MathOverflow is a question and answer site for professional mathematicians. It's 100% free, no registration required.

Sign up
Here's how it works:
  1. Anybody can ask a question
  2. Anybody can answer
  3. The best answers are voted up and rise to the top

Let R a normal domain, that is an integrally closed noetherian domain, like Dedekind domains, UFD, etc

Let A=(a i j ) a matrix with elements in R and dimension n x m.


  • rank A=1 ↔ all 2 x 2 minors are =0.
  • J:= ideal generated by a i j verify (R:(R:J))=R ↔ J is not included in any prime ideal with height 1.

If R is an UFD, with the preview conditions, we can write A like product of a n x 1 vector column C=(c i ) and a 1 x m vector file F=(f j ), that is a i j =c i ·f j .

I conjecture that is true in the general case, but I cannot make any progress.

Have you contraexemples with normal rings?

I´m grateful for your advices!

share|cite|improve this question
up vote 2 down vote accepted

I am having trouble understanding your English. But, if I understand you correctly, the following is a counter-example:

Let $k$ be a field and let $R$ be the ring $k[a,b,c,d]/(ab-cd)$. Then $R$ is normal and $\left( \begin{smallmatrix} a & c \\\\ d & b \end{smallmatrix} \right)$ has rank 1. However, we can not write this matrix as $\left( \begin{smallmatrix} w \\\\ x \end{smallmatrix} \right) \left( \begin{smallmatrix} y & z \end{smallmatrix} \right)$ for any $w$, $x$, $y$, $z \in R$.

I think your condition should almost imply that the ring is a UFD. If I have any non-unique factorization $ab=cd$, I can use it to build a counter-example like this one.

UPDATE Here are two more examples: $R=k[a,b,c]/(ac-b^2)$ and $\left( \begin{smallmatrix} a & b \\\\ b & c \end{smallmatrix} \right)$.

$R=\mathbb{Z}[\sqrt{-5}]$ and $\left( \begin{smallmatrix} 2 & 1+\sqrt{-5} \\\\ 1-\sqrt{-5} & 3 \end{smallmatrix} \right)$.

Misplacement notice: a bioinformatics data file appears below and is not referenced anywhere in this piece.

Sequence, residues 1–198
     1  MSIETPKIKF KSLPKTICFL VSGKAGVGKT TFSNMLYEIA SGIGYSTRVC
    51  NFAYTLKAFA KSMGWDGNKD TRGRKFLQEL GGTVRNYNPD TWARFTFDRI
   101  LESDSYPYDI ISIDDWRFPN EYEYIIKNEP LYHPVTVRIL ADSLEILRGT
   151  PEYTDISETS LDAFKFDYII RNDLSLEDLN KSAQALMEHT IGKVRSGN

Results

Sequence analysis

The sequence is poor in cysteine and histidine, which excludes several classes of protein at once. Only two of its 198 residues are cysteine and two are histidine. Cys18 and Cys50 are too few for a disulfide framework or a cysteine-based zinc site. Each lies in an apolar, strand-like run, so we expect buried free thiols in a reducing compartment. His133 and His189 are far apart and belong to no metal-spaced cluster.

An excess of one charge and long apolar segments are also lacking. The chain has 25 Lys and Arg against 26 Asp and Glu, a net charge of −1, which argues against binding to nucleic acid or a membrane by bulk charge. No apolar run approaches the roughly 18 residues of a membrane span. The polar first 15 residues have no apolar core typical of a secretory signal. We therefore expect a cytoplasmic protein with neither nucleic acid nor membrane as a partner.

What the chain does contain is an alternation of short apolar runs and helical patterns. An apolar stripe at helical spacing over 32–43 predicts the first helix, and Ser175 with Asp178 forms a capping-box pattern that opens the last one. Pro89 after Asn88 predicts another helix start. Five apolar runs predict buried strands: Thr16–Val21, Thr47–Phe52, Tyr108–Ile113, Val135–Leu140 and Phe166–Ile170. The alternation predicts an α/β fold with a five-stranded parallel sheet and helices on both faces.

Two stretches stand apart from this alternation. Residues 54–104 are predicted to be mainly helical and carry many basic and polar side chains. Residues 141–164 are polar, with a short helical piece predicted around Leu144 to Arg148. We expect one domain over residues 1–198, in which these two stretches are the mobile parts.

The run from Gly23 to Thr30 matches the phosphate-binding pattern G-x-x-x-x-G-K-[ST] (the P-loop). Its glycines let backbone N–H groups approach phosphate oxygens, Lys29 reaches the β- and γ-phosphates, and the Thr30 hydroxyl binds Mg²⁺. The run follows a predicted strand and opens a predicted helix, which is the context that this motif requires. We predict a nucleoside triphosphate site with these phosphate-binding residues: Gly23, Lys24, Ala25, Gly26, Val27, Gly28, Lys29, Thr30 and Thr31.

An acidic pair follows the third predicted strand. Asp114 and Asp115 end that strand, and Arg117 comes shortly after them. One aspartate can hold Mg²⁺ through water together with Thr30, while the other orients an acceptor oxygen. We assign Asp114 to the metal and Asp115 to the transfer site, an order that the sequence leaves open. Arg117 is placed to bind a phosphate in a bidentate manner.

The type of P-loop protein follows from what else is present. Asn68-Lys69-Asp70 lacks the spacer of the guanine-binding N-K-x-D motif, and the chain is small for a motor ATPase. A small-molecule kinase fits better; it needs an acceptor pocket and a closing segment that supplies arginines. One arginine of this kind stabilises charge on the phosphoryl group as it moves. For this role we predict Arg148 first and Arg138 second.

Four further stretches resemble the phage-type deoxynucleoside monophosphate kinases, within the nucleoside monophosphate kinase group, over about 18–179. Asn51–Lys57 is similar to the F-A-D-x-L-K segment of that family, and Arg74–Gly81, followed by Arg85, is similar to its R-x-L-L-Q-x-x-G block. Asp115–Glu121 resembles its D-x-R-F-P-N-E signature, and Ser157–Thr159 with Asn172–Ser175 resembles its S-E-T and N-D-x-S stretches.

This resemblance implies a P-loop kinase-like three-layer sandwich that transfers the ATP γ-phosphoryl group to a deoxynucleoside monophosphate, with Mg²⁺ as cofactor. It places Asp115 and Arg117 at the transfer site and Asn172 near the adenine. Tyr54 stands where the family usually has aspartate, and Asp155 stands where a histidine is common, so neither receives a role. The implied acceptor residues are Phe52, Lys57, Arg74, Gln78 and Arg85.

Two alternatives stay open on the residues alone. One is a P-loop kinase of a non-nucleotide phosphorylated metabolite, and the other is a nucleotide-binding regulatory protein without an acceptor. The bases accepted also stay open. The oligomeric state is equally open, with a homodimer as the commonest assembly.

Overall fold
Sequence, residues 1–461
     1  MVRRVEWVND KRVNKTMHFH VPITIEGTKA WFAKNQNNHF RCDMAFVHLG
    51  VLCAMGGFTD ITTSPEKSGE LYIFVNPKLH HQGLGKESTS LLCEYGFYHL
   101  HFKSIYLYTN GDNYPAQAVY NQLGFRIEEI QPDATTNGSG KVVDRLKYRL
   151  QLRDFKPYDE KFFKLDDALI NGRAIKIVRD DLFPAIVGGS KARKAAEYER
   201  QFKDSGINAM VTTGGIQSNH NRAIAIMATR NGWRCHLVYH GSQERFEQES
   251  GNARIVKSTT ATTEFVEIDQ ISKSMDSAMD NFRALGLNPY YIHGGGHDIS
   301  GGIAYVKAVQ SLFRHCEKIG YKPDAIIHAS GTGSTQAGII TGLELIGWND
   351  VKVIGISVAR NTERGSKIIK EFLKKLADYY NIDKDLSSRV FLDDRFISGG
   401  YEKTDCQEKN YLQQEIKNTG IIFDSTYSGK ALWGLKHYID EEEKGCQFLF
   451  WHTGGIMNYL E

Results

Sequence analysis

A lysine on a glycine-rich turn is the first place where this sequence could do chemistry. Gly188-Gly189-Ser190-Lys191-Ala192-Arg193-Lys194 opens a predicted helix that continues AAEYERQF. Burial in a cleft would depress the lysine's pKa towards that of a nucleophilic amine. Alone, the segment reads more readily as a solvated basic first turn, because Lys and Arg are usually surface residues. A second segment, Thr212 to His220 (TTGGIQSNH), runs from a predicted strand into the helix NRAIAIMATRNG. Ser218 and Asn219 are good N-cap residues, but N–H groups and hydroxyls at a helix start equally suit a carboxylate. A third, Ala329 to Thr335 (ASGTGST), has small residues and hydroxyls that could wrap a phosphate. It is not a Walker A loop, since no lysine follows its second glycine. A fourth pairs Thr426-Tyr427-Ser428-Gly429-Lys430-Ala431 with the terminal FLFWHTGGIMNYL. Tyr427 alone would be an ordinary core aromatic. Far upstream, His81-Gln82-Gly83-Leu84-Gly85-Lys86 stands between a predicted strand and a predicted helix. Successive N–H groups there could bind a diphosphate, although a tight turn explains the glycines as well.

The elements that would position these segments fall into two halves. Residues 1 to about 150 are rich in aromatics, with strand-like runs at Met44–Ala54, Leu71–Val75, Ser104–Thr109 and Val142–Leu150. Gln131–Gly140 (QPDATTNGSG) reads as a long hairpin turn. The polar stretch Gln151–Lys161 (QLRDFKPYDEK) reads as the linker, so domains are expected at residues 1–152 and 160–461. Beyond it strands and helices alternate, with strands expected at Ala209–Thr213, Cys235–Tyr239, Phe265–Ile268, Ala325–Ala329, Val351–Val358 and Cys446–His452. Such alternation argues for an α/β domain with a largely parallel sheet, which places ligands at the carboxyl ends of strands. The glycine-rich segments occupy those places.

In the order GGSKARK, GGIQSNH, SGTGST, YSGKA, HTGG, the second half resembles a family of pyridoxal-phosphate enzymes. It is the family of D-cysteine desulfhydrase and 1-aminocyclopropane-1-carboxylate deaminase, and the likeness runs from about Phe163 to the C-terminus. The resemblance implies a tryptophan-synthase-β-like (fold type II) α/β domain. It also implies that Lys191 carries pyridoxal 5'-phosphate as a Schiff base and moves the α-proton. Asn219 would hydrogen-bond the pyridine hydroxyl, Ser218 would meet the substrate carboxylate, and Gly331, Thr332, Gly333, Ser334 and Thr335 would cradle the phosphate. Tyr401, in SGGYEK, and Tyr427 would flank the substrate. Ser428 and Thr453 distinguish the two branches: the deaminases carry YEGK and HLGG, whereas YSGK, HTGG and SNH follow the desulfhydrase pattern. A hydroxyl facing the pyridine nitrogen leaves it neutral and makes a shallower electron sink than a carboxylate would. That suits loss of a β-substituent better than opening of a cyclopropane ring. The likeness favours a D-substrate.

These examples rule out most attempts I could think of to find a class of rings larger than UFDs for which the result holds.

share|cite|improve this answer
Sorry, my English is very rough. I understand your contraexemple but I need to cofirm the condition (R:(R:J))=J with J generates by a, b, c and d. – Hideyuki Kabayakawa Dec 6 '09 at 2:35
In this case, (R:J) is R, so you are fine. Using your description, you need to show that there is no height one prime containing a, b, c and d, which is also easy. – David Speyer Dec 6 '09 at 2:39
I made a mistake and it must say (R:(R:J))=R. Certainly it seems(R:J)=R and (R:(R:J))=R. If the ring is almost factorial, do you think a similar contraexample go on? (especially with the condition of J in the Gabriel filter). – Hideyuki Kabayakawa Dec 6 '09 at 3:30
Based on a quick google search, it looks like "almost factorial" is the same as "Q-factorial"? If so, I think I can still give counter-examples. Look at my update above. – David Speyer Dec 6 '09 at 4:16
I think last example is definitive. Thanks – Hideyuki Kabayakawa Dec 8 '09 at 0:52

Your Answer


By posting your answer, you agree to the privacy policy and terms of service.

Not the answer you're looking for? Browse other questions tagged or ask your own question.